With the inexorable rise of the Airport City and the associated ‘Aerotropolis’ there is an increasing degree of commentary on the sustainability of such creations, and not only with respect to the environment. It is also the case that the relocation of city centre commercial activity can lead to displacement and a deterioration of job prospects and quality of life there, in the very place that has often itself been ‘regenerated’ during recent decades.
The Nordic Office of Architecture and Haptic Architects intend to tackle at least one part of this equation in their plans to develop an ‘Oslo Airport City’ (OAC) adjacent to Oslo Gardermoen Airport, which is situated 45km north of the capital’s downtown area in a semi-rural area and which already has an adjacent ‘Business Park’. The difference here is that the airport city will be devoted to ‘sustainability’ in its task of testing autonomous systems.
Based in Oslo, with offices in Copenhagen and London, Nordic Office of Architecture is involved in projects in various countries across Europe, Africa, the Middle East and Asia.
Airport cities and Aerotropolises will be examined in detail at the forthcoming Global Airport Leaders’ Forum in Dubai on 07-May-2018. VISIT the event’s dedicated homepage for full details: Global Airport Leaders’ Forum
The 370-hectare campus and ‘smart city’ aims to provide a testing area for autonomous systems including vehicles, lighting, mobility, waste, and security systems, covering four million square metres of cargo, logistics, commercial and residential space.
The campus will be powered entirely by renewable energy sources, with surplus energy generated to be sold to power to surrounding cities, making it what is claimed to be the “first energy positive airport city”, although Cochin Airport in India might well argue that it has been doing that for several years now thanks to its solar power generation policies, with other airports also fast closing in on that target.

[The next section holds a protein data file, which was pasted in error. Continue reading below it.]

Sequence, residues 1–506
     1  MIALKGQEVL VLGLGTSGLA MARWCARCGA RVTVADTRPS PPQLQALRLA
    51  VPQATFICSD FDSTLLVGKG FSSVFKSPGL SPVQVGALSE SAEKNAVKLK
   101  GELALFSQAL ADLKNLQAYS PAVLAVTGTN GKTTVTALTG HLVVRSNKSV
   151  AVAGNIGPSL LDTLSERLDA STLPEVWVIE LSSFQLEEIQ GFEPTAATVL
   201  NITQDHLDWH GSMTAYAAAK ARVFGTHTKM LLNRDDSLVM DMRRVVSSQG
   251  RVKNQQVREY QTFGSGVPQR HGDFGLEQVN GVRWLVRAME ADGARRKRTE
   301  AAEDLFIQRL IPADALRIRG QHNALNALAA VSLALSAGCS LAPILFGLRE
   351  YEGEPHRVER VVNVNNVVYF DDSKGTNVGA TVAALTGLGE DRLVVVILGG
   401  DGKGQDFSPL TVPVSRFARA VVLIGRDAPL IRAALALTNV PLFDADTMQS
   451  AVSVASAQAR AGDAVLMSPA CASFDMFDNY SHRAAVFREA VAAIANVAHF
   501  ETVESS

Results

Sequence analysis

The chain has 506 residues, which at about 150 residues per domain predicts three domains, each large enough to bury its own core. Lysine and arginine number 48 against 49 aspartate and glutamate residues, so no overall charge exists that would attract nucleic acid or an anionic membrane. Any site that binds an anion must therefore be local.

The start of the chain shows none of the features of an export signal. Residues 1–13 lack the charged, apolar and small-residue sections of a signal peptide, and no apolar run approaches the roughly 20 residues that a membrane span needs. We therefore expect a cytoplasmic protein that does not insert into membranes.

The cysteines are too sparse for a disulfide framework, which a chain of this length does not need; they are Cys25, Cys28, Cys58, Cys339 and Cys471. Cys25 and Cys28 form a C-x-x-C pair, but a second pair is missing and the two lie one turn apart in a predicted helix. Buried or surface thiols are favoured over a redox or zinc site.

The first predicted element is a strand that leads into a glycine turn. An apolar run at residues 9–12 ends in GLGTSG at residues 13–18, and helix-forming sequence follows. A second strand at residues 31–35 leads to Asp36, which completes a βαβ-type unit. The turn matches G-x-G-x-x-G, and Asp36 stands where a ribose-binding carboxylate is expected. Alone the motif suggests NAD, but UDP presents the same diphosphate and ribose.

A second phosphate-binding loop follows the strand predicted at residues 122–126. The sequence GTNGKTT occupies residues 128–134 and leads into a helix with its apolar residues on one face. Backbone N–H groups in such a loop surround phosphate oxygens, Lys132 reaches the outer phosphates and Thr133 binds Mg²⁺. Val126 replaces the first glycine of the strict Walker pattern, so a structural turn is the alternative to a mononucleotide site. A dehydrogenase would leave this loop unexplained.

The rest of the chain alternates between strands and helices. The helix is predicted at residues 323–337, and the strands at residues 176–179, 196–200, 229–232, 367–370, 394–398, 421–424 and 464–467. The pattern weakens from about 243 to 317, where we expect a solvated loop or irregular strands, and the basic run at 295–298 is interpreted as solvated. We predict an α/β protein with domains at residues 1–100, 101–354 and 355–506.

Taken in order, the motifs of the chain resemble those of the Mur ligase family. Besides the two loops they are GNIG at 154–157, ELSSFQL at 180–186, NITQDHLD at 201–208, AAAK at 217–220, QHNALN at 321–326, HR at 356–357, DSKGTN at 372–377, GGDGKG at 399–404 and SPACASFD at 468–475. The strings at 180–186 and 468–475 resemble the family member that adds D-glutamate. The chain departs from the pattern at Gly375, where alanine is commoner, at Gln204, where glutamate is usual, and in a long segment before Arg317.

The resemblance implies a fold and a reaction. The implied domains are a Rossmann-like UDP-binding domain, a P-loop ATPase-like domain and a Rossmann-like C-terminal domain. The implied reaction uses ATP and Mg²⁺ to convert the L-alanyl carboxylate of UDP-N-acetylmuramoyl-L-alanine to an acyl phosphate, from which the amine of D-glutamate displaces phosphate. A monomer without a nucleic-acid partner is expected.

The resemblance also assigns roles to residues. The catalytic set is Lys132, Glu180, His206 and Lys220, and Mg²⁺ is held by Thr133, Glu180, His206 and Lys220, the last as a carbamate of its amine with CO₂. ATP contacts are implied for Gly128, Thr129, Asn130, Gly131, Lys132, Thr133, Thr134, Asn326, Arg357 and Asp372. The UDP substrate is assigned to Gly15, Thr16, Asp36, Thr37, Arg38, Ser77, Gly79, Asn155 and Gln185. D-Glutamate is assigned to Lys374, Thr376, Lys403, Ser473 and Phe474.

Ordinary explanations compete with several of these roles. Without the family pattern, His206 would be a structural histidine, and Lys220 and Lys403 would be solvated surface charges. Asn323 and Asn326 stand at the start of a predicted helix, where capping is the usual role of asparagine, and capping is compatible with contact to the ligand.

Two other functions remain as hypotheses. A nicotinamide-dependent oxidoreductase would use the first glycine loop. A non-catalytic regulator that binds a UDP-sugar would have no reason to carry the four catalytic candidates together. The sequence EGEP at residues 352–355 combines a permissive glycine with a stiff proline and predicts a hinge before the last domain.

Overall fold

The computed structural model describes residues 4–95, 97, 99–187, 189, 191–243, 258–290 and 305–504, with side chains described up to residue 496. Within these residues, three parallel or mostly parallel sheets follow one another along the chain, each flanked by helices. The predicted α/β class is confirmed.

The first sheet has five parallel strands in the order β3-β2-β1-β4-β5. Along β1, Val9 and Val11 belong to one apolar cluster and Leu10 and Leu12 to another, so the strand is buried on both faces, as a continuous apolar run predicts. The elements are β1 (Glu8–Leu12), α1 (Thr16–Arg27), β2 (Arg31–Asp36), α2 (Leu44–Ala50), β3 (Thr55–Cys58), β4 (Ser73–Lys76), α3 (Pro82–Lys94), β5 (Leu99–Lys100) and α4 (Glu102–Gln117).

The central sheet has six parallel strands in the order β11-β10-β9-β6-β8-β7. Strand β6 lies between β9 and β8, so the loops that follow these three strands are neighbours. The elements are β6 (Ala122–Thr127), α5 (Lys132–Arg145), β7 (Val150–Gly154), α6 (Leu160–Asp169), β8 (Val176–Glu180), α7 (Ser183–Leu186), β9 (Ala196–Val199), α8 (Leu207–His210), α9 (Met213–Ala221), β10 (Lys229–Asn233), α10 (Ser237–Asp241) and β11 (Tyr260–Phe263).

In essence, the aim is that the campus, which will be designed from scratch, will be completely powered by self-produced energy and served by driverless electric vehicles.
OAC will only have electric vehicles, and the architects have promised that its citizens “will never be more than five minutes away from public transport”, although in an age of immediacy that might be perhaps too long.
The new city will run on only the renewable energy it produces, and while it will sell the excess electricity to nearby cities, it will also be used for practical purposes at the airport, for example to de-ice aircraft.
Centred on a public park, the sustainable city will “cater to Norway’s passion” for sports and outdoor leisure activities. Artistic renditions show a large indoor swimming pool with views of the city while a cycling route is depicted encircling a large lake populated by boats and paddler boarders, and geometric multi-storey climbing walls are shown placed on opposing banks. It does make you wonder how the inhabitants are going to find the time to work.
Oslo Airport’s workforce is predicted to almost double from 22,000 employees to 40,000 by 2050. Along with workers and their families, the OAC will provide homes for a community of long-term residents, along with short-stay visitors passing through the transport hub.
Construction on the first stage of the city is expected to begin in late 2019, with the first buildings completed by 2022.
The OAC scheme has been backed by the Norwegian government, which is undertaking a shift away from oil to green energy, despite the huge importance of North Sea oil to the Norwegian economy. Oslo Airport, which is owned by the Norwegian government and operated by the wholly state-owned limited company Avinor – a global top 10 one by revenues – expects to run its own electric-only vehicle fleet by 2025.
Nordic Office of Architecture designed the original airport in the 1990s, as it did with the curving terminal extension which was completed in 2017, doubling the airport’s size and expanding its capacity to 35 million passengers a year.
The practice is also the lead designer for Istanbul New Airport, which is due to open in its first stage capacity in 2020 and which aims to be “the largest airport in the world”.
READ MORE: The world’s top 10 airport cities were examined in detail in a Mar-2017 published CAPA – Centre for Aviation report: Aerotropolis Report: The world’s top 10 airport city projects and attendant aerotropolises